[Posted by David Card]
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The Nielsen overnights suggest that this year’s Oscar telecast beat last year’s all-time low. It’s no Super Bowl, but the Academy Awards are still a big hit. I was worried ratings would suffer due to a lack of buzz-worthy — ah, what the heck, I’ll say it — actually popular movies among the top contenders. While the all-time best rated Oscarcast coincided with the modern era’s box-office champ’s big day — Titanic in 1997 — it turns out there’s no consistent trend linking big movies and big shows.
Like me, ABC and the Academy was also nervous, and they tweaked the show’s format a bit. The critical reaction is mixed. The show still ran too long and its pacing moved in fits and starts, but I thought Hugh Jackman’s Broadway via Hollywood act worked okay, and the raw star wattage of five previous winners presenting the acting awards was very compelling. Billy Crystal was the host back in 1997, and comics that skewed young have only done fair-to-middling with TV audiences, and have been murdered by critics.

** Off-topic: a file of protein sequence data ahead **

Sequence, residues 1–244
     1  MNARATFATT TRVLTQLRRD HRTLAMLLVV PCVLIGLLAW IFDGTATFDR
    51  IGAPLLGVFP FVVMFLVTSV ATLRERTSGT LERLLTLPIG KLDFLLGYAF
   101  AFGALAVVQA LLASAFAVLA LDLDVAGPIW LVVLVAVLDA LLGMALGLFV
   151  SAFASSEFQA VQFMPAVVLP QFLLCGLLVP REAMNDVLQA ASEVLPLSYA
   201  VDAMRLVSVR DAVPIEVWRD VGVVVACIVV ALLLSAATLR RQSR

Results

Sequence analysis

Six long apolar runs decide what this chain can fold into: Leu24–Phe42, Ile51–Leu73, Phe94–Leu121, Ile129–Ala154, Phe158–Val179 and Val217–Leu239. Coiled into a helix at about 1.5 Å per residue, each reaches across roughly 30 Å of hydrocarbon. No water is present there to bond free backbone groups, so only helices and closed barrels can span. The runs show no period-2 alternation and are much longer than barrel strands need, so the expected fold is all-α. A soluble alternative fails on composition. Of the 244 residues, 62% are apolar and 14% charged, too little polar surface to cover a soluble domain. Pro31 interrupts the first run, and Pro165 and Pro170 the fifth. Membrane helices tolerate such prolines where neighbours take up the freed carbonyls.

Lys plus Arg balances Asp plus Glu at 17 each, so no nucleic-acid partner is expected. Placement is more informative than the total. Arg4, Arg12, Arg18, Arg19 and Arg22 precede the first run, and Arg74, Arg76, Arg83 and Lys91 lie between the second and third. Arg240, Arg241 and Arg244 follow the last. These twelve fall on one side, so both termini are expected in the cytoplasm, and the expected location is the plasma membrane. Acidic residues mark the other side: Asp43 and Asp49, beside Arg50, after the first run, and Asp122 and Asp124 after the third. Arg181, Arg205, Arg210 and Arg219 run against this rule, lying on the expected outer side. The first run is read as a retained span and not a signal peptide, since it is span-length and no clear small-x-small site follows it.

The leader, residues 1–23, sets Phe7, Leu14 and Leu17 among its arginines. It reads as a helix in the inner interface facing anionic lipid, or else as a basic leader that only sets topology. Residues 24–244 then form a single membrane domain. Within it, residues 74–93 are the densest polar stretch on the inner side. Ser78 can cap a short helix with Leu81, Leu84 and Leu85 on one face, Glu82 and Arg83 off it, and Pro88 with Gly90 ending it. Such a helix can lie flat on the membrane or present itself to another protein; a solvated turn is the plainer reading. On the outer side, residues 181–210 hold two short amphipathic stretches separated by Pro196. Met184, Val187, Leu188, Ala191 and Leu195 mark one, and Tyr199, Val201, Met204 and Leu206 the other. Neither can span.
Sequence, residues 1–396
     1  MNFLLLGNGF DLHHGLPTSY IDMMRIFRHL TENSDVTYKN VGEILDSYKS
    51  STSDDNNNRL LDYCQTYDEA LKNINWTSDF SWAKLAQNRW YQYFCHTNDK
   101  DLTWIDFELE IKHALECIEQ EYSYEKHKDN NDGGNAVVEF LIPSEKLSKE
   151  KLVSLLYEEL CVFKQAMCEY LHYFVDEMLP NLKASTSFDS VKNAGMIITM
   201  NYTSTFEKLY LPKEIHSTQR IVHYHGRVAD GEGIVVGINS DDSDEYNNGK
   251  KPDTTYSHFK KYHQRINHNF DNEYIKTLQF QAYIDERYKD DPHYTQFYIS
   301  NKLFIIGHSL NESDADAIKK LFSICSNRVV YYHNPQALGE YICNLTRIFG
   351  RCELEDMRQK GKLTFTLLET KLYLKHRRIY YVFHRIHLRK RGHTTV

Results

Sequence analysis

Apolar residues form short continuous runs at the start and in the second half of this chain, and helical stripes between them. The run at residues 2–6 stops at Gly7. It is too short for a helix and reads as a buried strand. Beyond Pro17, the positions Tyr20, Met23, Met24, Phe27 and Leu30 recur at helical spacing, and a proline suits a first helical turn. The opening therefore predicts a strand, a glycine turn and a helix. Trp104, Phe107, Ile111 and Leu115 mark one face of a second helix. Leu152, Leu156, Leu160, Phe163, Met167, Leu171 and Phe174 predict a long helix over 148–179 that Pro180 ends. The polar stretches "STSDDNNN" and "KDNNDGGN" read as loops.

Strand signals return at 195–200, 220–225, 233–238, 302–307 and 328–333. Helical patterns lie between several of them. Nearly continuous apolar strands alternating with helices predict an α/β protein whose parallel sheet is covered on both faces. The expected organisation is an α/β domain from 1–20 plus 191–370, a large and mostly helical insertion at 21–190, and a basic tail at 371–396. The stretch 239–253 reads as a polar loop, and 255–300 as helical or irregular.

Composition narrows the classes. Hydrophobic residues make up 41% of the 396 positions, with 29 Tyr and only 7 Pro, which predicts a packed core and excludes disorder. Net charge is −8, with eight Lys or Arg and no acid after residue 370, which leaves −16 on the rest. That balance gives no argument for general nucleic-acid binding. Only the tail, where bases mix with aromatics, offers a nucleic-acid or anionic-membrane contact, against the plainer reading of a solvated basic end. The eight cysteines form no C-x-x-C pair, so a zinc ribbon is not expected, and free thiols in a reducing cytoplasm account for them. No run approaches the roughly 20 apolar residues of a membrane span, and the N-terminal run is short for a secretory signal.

Ads were discounted a bit, and the Academy allowed a few movie ads for the first time. But a lot of the usual suspects stayed away, leaving JC Penney, Hyundai, Coke, and ABC house ads to dominate. Hyundai’s combination of "hey, we win awards and have luxury models" alongside its aggressive recession-protection Assurance Plus offer still feels just a little awkward to me, but they hammered the message home. I liked the Coke in Italy spot — a classic, with a hint of movie homage — and JC Penney appeared bright and cheerful. And there was at least one Bank of America spot that felt a bit risky but delivered a "we’ll get through this together" sentiment.
Oh, and I won the Card family pool. I got 18 of 24 picks, the best I’ve ever done. I was swinging for the fences with Mickey Rourke, and I shoulda remembered Pixar never gets the short. And what’s up with Foreign Language? I had Waltz with Bashir and thought I might miss out to The Class. But a Japanese heart-tugging comedy? My real faves.
Some Forrester recession marketing research reports.